Tuesday, May 30, 2017
Impeach Trump? You're kidding, right? Impeach him for what? Pervasive toxic jerkishness is not, alas, a high crime and misdemeanor, the standard set out in the Constitution.
Or do you think he can be impeached because his campaign colluded with the Russia during the election? Is that even a crime?
If it is, don't you imagine that there are a plenty of cringing underlings for Trump to casually kick into the ditch? While the Donald smirks his personal responsibility away and fires off a few dead-of-night tweets glorying in it all? Nothing has stuck to him yet. Why would this?
Besides, who would do the impeaching? Congress, right? The Republican Congress. The same trembling cowards who can't even utter a word criticizing the most unfit leader our nation has ever seen are somehow going to magically pivot and great rid of him? After they shelved all their supposed beliefs and principles to meekly shuffle wherever he decided to lurch today. It's like expecting a spinning weather vane to hop off the old barn and point your way through a forest.
Won't happen. It surprises me to hear people speculating it could happen. Magical thinking, on par with believe-in-fairies-or-Tinkerbell-will-die. And it's such a pathetically easy solution. Deus ex machina; let's just wish this away. A denial of hard realities not dissimilar from the kind of head-in-the-sand outlook that got Trump elected in the first place.
And like many fantasies, destructive in that it distracts us with daydreams from the hard work at hand. You don't need to harvest the crop if you are convinced gnomes will do it. And there is hard, right-now work beyond breathlessly awaiting what the Washington Post will dig up next.
Whenever the subject comes up, I shock the people taking a big lungful of the pipe dream by saying, "Impeach him? It's far more likely we'll re-elect him." They stand there, exhaling, the blissed out grin dying on their faces.
We should be talking about his reelection, not his impeachment. I can see reelection happening. Easily. It's the far more likely outcome — if somebody wants to put down his money on impeachment, and I can put and equal sum down on re-election, winner-take-all, I'll grab at that bet. But you'll lose.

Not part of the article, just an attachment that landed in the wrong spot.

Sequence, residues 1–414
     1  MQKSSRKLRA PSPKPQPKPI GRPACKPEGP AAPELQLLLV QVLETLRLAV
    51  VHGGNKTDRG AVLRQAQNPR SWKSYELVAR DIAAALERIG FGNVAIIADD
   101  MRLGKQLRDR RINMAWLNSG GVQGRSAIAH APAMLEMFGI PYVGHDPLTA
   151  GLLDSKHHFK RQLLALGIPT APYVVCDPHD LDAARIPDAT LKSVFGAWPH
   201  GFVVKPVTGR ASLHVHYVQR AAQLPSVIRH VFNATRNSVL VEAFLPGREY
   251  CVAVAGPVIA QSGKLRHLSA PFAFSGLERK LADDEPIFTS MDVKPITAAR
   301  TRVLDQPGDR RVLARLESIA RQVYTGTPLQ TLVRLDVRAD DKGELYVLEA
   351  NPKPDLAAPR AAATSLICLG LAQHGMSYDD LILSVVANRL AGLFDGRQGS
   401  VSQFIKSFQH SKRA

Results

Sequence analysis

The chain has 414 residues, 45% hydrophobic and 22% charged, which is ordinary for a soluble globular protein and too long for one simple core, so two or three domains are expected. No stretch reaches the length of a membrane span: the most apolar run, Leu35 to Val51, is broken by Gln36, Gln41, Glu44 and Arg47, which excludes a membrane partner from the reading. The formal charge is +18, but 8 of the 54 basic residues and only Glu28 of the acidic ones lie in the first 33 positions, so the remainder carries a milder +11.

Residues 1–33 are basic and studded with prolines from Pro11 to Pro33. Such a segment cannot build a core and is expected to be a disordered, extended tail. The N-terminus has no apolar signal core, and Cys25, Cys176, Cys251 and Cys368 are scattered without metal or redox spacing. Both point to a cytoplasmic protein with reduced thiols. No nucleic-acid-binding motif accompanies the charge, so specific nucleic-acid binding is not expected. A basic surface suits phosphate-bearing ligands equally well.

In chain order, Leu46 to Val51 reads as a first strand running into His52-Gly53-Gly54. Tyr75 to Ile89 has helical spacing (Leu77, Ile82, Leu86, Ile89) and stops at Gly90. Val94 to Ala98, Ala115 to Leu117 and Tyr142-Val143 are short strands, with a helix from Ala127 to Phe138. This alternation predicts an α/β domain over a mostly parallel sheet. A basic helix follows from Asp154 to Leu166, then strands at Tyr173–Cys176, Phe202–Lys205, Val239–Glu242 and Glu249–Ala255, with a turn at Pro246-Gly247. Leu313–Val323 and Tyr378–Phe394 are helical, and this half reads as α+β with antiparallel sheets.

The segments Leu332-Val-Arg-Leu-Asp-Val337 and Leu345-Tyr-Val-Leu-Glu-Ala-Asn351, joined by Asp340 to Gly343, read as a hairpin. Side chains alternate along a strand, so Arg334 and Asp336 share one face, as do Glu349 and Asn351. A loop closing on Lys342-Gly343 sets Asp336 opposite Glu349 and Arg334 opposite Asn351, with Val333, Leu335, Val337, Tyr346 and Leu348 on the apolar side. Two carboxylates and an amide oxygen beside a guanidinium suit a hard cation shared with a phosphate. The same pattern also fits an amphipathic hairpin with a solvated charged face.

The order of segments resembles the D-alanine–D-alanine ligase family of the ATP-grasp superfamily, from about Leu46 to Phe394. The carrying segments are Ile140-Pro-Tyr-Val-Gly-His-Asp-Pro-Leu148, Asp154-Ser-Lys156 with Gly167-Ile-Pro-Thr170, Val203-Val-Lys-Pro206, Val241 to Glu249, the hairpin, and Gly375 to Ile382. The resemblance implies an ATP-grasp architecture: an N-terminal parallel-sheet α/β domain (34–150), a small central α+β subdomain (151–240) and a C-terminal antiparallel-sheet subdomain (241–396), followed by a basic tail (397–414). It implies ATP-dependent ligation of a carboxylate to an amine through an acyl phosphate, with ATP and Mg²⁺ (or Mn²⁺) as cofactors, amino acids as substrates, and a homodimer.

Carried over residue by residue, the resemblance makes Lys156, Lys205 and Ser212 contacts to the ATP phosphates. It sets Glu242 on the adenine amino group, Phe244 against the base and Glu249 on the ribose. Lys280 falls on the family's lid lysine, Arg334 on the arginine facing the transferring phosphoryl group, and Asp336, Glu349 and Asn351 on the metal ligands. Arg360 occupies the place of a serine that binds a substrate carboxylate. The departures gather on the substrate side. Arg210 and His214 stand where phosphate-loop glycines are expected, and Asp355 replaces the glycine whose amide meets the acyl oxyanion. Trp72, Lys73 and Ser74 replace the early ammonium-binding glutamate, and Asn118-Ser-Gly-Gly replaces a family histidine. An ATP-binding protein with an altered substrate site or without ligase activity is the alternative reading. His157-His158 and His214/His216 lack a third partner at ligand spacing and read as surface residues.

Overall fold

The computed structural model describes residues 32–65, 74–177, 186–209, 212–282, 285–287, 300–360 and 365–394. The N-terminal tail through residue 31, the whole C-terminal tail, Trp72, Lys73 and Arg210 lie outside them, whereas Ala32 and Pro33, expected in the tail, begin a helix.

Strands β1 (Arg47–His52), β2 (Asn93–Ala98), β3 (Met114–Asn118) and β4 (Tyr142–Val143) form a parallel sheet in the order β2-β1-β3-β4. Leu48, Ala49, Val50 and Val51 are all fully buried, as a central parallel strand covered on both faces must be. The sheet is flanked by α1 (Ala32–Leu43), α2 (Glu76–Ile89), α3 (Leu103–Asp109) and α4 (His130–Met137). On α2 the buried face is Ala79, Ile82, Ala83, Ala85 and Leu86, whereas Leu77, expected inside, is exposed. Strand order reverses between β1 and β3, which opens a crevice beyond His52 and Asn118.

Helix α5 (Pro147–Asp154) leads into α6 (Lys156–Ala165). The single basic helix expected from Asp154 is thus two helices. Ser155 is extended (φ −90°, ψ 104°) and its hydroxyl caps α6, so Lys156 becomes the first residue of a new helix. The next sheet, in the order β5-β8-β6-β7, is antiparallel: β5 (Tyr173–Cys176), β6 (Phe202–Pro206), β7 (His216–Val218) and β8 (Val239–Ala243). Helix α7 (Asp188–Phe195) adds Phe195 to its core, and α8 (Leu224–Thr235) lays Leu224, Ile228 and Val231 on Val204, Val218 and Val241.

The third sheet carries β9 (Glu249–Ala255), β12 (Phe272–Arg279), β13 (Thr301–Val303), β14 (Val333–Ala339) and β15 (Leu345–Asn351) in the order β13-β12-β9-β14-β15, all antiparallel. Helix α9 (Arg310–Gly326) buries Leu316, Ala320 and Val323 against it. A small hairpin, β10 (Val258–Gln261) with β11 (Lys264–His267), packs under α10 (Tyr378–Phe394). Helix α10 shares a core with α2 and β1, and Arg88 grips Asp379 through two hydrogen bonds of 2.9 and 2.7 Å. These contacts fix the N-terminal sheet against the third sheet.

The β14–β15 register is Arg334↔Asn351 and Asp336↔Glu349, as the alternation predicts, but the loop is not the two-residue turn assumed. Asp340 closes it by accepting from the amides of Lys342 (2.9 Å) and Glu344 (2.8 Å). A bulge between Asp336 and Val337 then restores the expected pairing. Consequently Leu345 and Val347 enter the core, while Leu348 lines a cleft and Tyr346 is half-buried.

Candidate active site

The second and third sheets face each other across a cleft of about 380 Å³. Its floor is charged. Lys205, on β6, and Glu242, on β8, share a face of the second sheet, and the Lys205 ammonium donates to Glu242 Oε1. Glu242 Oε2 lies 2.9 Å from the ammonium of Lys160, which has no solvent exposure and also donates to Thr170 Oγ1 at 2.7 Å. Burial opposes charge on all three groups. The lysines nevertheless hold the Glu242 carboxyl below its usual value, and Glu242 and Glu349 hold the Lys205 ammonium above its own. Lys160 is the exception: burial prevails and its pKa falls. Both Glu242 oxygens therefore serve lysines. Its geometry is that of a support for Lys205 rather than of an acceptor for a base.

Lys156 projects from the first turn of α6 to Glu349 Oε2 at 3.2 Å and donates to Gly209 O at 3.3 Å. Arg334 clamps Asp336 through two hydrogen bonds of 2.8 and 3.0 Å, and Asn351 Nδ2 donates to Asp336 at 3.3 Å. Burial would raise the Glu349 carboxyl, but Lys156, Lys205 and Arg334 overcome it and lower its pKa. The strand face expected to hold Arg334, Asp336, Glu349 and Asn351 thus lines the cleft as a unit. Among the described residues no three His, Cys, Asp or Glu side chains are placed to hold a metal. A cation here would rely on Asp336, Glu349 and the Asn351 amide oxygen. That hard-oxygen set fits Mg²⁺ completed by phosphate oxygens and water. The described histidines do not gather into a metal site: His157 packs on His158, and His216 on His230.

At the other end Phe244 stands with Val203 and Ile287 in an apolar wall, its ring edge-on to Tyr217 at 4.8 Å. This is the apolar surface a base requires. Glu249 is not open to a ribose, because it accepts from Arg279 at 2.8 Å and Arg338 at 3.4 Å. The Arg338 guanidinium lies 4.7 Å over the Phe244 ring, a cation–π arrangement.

His base is standing with him, more or less. The Democrats have nobody. And it's happened before. The pattern is already there. History is not a schematic for the future, but there are hints and lessons there. Since those spinning impeachment dreams drum up Richard Nixon, who resigned after the gears of impeachment began to grind him. So let's go with Nixon.
In 1968, he defeated Hubert Humphrey, an unloved political hack not unlike Hillary Clinton. While Nixon drifted to the center -- he created the EPA, went to China -- the Democrats tacked left, nominating George McGovern, who was so progressive he lost 49 states.
So sure, the impeachment process swung into action against Nixon. But he was also re-elected, after Watergate began to grab headlines.
The Bernie Sanders sideshow could convince the Democrats that a similarly radical candidate—though not Sanders himself, thank you God, for one because he'll be 79 in 2020—can have a chance in hell, which Sanders wouldn't have had once America took a good hard look at what was behind his slogans, which wasn't much. We're not a radical left nation. We can't even find our way to national health care, like every other nation on earth with indoor plumbing.
Don't get me wrong. Given the daily shocks that the Trump administration serve up when he isn't abroad, deeply humiliating the country, giving NATO a kick (I wish I could believe Putin pays him directly for this kind of thing; my gut tells me they just both think alike) and re-assuring the Europeans that their traditional tacit contempt for America is finally justified, no one can say when whatever smoking gun, tawdry tape, or grotesque cruelty or stupidity will finally pry his supporters' fingers off the door jamb. It's possible.
But don't hold your breath. There's no reason to consider it now. We just elected the guy last November. And in once sense, we got exactly what we paid for. Nobody can say they were deceived by Trump—sure, he made all these mendacious promises that he didn't even pretend to try to keep. But it was clear he'd do that, particularly since half of what he promised was patently impossible. If voters could screw their eyes tight and vote for him in November, what makes you think they won't stay that way for the next eight years? Opening your eyes to Trump now would be like opening your eyes under the ocean. It burns.
The only focus should be: elect Democratic Congressmen in 2018. Then we can talk impeachment, provided we're still allowed to talk at all. Until then, find a decent presidential candidate for 2020 who won't be so flawed she lets a notorious liar, bully and fraud get his tiny hands on the levers of power.